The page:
I'm not much for formal "artist" statements. And if I had to have one it would be that I have no statement. But that is because I prefer the visual to precede the verbal. I believe that good images will always speak for themselves in as much as their appeal will be on different levels for different people. Eliot Porter wrote, "I do not photograph for ulterior purposes. I photograph for the thing itself - for the photograph - without consideration of how it may be used".

The main compositional elements for me in black and white have always been tonal range, textural detail and the quality and direction of lines. But it was only a short while after using the traditional large format methodology that I realized I was photographing 'the light', and not necessarily the subject/object illuminated by the light. That had a subtle yet profound impact. 

Trespass is the result of several events; the purely technical challenges of using the figure in the landscape and the emotional impact of the sudden death of a close co-worker. My inability to be able to fully express my grief to my closest friends and family left me lost. 13-87, nude and hollow oak, was the starting flashpoint of a series of images made for four years. I commuted past this massive live oak in the middle of an overgrown lot for years without investigating it. When I saw the side not seen from the road, I felt compelled that if I did not start to use myself as the figure, I never would. I felt very similar to the tree; hollowed out by something greater than myself. It was a visual reminder, at least to myself, of the feelings of isolation and the distances that can exist between people that are intimate. And the more images I made, the more I endeared myself to the process and I no longer wanted to use the female figure. Besides, I was the cheapest, most dependable model I knew and I found myself in some pretty strange places at some pretty strange times.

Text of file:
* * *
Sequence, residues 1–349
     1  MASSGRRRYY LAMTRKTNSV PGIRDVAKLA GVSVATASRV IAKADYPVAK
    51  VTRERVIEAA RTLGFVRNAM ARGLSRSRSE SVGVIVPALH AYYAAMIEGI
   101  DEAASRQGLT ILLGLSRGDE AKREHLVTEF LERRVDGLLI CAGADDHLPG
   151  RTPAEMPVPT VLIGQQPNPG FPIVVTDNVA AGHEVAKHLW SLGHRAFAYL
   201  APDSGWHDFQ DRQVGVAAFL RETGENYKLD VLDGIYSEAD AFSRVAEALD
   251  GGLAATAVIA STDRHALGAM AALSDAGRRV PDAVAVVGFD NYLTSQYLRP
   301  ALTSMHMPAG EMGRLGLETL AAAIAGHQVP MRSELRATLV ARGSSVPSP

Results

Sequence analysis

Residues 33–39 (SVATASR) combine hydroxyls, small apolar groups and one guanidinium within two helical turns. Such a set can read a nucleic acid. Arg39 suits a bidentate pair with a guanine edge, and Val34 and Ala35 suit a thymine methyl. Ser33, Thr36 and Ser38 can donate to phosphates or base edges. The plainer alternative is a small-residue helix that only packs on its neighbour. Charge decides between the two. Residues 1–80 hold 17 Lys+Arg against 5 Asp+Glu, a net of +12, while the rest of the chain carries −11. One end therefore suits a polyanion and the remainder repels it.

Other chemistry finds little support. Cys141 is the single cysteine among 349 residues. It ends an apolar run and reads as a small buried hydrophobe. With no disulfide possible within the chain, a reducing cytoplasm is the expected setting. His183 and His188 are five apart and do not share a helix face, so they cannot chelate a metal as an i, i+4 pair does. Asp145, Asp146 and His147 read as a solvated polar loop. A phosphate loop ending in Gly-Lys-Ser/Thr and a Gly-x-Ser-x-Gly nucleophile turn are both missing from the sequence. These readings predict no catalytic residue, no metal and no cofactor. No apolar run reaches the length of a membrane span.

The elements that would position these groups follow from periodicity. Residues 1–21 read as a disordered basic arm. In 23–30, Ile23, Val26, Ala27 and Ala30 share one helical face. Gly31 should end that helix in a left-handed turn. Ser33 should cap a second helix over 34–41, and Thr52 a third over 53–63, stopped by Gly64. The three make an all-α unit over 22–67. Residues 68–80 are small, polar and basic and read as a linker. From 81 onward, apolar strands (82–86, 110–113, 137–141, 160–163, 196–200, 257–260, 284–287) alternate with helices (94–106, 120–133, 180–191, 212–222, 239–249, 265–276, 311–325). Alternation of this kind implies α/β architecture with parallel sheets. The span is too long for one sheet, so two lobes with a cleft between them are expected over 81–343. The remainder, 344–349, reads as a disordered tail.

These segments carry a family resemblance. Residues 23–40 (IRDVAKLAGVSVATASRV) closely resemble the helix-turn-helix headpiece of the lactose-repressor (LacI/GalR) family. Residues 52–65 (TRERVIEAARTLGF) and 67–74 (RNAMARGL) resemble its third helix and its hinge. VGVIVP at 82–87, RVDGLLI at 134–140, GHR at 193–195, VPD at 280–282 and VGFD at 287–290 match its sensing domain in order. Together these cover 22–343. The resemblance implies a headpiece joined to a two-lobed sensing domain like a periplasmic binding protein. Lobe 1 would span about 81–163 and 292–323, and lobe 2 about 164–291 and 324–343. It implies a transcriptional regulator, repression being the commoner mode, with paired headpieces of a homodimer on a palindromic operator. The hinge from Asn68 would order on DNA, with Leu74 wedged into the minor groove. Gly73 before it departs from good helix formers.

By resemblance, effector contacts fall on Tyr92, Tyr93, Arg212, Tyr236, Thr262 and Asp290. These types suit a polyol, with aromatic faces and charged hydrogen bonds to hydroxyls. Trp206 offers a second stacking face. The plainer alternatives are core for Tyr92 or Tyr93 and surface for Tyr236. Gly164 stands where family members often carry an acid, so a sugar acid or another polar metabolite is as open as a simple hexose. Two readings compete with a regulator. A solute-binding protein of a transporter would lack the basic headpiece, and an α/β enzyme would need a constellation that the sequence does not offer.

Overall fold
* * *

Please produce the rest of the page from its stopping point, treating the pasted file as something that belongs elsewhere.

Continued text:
With respect to color, I still go back to the main compositional elements; tone, texture and line. I also try being as faithful to the intrinsic color of the scene as possible. I almost go back to thinking in b/w, so as not to over-saturate the final image. That said, I find that the digital processes allow for a wider range of expressions of a "visualization" and not just a sterile recording of the natural scene. I see them as tools and methods as a means to an expressive end, whether it is the Zone system for b/w or the highly accurate color reproduction capabilities of the scanning system.

What I am trying to illustrate in the images in the swamps is the softer light of winter. With less of a canopy above in the trees, more light now reaches the still water and creates the dynamic, complex patterns of shadow and reflection. Also the light gets reflected off the 'unseen' surfaces of the trees or water and can illuminate the objects behind them, creating a bit of mystery as to the source of the light.